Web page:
Bicycle Safety

bicycle safety tipsAbout 4 million Texans ride bicycles every year.

But Texas ranks 33rd among the states as far as having laws that are considered bicycle friendly or protecting bicyclists.

Who says so ?

Texas attorneys who handle bicycle crashes, that’s who.

One thing is certain: Year after year more people are riding bikes on the roadways. which means that cyclists and motorists must have a greater awareness and practice greater caution.

Of course, a lot needs to be said to drivers beyond “be careful,” but we’ll get to that in a later blog post.

For today we’re talking to bicyclists about what they can do to keep themselves safe when riding.

 

Know and Follow the Rules

A bicycle is a vehicle and a person operating a bicycle has the same rights and duties as a driver operating a vehicle. All laws and signs that regulate the movement of vehicles upon the roadway also apply to bicycles.

Therefore a bicyclist should obey all laws signs and signals. This includes stopping at all stop signs and stop lights.

Bicycles should only be operated on streets, roadways, bike paths, and routes  specifically designated for bicycle riding. Unless you’re a very young child — and few of them read our blog — don’t ride your bicycle on the sidewalk.

 

texas bicycle safety hand signalsBicyclists must use hand signals to signal their intent to stop or turn.

  • Stop: Extend the left hand and arm downward
  • Left turn: Extend the left hand and arm horizontally
  • Right turn: Extend the left hand and arm upward or
    extend the right hand and arm horizontally.

 

Bicyclists should ride with the direction of traffic.

  • A person operating a bicycle on a roadway who is moving slower than the other traffic on the roadway must ride as close to the right curb or edge of the roadway as possible.
  • A person operating a bicycle on a one-way roadway with two or more marked traffic lanes may ride as near as practicable to the left curb or edge of the roadway.

On a road with two or more lanes, bicyclists may ride side-by-side, providing they do not take up more than one lane. If they take up more than one lane, they must ride single file.

 

You must ride sitting on or astride a seat that is permanently attached to the bicycle.

A person may not carry more passengers than the bicycle is designed or equipped to carry. And don’t carry any object that prevents you from keeping at least one hand on the handlebars.

All bikes must have a brake which can make a braked wheel  skid on dry,level,clean pavement.

 

Bicycles should not be towed. If you’re riding a bicycle on the road, never attach yourself to a vehicle or streetcar and let it pull you along.

 

Let Yourself See and Make Yourself Seen

Riding a bicycle at night is obviously more dangerous than riding in daylight. Statistics and studies reflect this. A study done by the Consumer Products Safety Commission, states that 46% of all cycling fatalities occur in night time collisions. And only 8% of the cyclists involved had lights on their bicycles.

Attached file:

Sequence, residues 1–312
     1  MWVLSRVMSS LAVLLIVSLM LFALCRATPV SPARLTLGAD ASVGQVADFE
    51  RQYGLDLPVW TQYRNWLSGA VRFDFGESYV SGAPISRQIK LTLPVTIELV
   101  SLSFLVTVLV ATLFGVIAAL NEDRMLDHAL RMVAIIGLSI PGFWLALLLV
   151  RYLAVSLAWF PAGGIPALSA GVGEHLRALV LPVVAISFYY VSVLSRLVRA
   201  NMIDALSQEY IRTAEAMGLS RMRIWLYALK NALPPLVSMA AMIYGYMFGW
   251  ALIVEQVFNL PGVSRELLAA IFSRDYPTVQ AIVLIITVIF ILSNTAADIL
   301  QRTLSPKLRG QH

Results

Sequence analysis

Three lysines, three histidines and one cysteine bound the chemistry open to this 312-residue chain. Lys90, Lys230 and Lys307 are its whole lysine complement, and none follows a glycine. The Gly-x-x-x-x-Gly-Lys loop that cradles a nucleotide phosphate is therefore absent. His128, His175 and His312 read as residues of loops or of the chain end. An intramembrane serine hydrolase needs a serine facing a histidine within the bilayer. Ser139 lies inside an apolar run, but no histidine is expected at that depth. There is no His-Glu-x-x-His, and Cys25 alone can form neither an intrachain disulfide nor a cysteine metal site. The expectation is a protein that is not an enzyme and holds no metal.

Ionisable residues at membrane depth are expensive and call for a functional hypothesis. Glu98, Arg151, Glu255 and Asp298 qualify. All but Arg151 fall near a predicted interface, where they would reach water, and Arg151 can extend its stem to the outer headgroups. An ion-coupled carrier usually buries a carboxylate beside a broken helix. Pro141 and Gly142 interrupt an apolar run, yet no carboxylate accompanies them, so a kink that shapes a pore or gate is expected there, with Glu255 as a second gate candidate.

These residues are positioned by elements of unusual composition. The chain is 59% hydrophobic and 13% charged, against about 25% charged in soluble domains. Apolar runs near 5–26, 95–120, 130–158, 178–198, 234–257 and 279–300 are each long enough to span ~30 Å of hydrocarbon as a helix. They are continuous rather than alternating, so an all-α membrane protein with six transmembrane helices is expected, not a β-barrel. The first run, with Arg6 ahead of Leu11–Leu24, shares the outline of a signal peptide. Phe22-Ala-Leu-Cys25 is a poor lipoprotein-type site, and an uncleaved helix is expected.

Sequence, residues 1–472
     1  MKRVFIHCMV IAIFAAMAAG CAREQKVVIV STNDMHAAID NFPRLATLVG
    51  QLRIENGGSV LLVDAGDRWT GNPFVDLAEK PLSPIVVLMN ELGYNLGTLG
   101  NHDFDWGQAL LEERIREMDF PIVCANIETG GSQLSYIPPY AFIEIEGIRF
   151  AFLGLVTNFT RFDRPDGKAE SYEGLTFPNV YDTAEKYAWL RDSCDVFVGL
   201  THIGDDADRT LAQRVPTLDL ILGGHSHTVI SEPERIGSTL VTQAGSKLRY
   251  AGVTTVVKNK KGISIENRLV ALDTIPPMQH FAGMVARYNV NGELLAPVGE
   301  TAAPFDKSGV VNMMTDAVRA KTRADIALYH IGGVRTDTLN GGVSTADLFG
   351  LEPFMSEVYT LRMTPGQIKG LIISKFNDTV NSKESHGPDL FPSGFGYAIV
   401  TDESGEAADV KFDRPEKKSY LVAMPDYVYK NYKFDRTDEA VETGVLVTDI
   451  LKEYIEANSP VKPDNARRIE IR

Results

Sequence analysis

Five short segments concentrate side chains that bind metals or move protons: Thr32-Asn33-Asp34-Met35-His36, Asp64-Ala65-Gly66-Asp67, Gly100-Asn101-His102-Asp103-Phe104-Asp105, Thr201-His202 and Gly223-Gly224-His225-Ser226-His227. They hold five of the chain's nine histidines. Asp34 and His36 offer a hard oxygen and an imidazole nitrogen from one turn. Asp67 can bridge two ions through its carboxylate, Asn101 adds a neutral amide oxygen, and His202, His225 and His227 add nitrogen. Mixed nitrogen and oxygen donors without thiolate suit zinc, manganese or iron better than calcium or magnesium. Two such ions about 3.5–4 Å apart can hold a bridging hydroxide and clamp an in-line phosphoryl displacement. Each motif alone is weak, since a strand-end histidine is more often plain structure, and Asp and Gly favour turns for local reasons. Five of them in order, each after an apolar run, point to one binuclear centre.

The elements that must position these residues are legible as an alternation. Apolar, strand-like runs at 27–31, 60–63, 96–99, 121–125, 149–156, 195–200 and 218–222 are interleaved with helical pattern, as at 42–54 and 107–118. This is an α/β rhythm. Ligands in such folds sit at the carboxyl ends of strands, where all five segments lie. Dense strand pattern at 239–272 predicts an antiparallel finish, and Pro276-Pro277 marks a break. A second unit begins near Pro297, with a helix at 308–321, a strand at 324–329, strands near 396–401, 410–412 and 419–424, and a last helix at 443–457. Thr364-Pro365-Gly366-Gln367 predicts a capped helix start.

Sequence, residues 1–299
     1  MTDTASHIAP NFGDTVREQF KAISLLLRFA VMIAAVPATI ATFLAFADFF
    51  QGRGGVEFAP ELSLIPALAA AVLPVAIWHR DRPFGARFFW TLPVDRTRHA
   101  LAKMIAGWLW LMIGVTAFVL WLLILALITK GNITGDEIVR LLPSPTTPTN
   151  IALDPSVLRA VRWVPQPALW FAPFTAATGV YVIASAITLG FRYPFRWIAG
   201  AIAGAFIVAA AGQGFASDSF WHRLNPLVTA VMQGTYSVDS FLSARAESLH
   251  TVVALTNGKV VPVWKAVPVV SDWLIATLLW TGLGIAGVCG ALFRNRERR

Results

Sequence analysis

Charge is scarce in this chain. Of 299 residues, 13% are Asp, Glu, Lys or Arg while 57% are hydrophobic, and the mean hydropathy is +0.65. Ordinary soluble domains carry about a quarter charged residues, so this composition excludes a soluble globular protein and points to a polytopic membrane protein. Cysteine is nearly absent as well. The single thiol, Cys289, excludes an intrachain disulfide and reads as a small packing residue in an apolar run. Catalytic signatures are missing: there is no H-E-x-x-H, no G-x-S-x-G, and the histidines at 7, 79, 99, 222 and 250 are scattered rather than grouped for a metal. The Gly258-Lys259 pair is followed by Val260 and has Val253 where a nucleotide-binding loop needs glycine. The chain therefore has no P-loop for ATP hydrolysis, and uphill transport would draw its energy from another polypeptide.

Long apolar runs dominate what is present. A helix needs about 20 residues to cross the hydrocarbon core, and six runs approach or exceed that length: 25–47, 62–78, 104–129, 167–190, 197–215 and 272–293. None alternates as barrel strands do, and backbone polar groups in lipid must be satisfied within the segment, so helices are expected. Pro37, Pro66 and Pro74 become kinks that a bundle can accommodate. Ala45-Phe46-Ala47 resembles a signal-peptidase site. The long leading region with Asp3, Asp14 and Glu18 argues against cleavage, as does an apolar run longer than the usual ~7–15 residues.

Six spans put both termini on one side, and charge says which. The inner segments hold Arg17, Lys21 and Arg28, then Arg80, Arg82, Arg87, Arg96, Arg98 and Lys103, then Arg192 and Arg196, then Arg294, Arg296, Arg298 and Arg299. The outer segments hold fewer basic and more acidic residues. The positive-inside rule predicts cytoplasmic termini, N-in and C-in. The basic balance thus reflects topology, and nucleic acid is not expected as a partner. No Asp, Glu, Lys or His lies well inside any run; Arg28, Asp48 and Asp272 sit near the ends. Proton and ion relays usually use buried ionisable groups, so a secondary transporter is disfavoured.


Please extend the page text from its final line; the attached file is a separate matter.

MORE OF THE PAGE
46% of all
cycling fatalities
occur in night time collisions.

Only 8%
of those cyclists
had lights
on their bicycles.

TWO TYPES OF LIGHTING
On your bicycle, you must have 2 types of lighting: active lighting and passive lighting.

Active lighting needs to be activated. It takes an action to do so. It’s usually an electric device such as a battery or a generator that needs to be turned on before it can start working.

Passive lighting means the light shines without the rider taking any action. For example, reflectors on the bike or reflective clothing. A light must be aimed at it for it to give off light.

Passive lighting can be a great thing to have if your active lighting has a short circuit and your electric lights fail or if your batteries run out. even if your active lights are working fine, it’s still important to have passive lights.the more lights you have, the safer you will be.

 

All new bicycles sold in the U.S.A. must have reflectors. However, if you are riding in “limited visibility conditions” you are required to have a light that can be seen for at least 500 feet in front of you.

“Limited Visibility” doesn’t just mean night time. It also means fog, rain, or anytime you are unable to see at least 1,000 feet ahead.

Of course anyone concerned with their own safety and the safety of others will want to make themselves as visible as they can be. Lights, reflectors, even the color clothing that you choose to wear can all make you easier to see and, therefore, easy for drivers to avoid hitting.

 

A person may not operate a bicycle at night unless the bicycle has at least the following:

  • Headlamp – A lamp on the front of the bicycle that gives off a white light visible for at least 500 feet ahead of the bicycle.
  • Red Reflector –  A bicycle must be equipped with either a red reflector which can be seen from a distance of 300 feet from the rear of the bicycle or a red lamp which is visible from at least 500 feet from the rear of the bicycle

You could receive a traffic ticket if you are in violation of these lighting requirements.

But let’s face facts: if you’re on a bicycle and you are hit by a car or truck because they couldn’t see you, or any other reason, a traffic ticket will probably the least of your worries.

 

Some other things that
might be useful to you:

In recent years, more and more Texas cities have been adding bicycle routes so that riders can avoid using the street as well as designated bicycle lanes on streets. But these are still very few and won’t get you safely to very many places.

And there are a great many drivers out there who either don’t know how to share the road with bicyclists, or don’t want to. Protect yourself when riding by following the rules, making yourself visible, and behaving in predictable ways.

Keep yourself safe and happy cycling!

 

 

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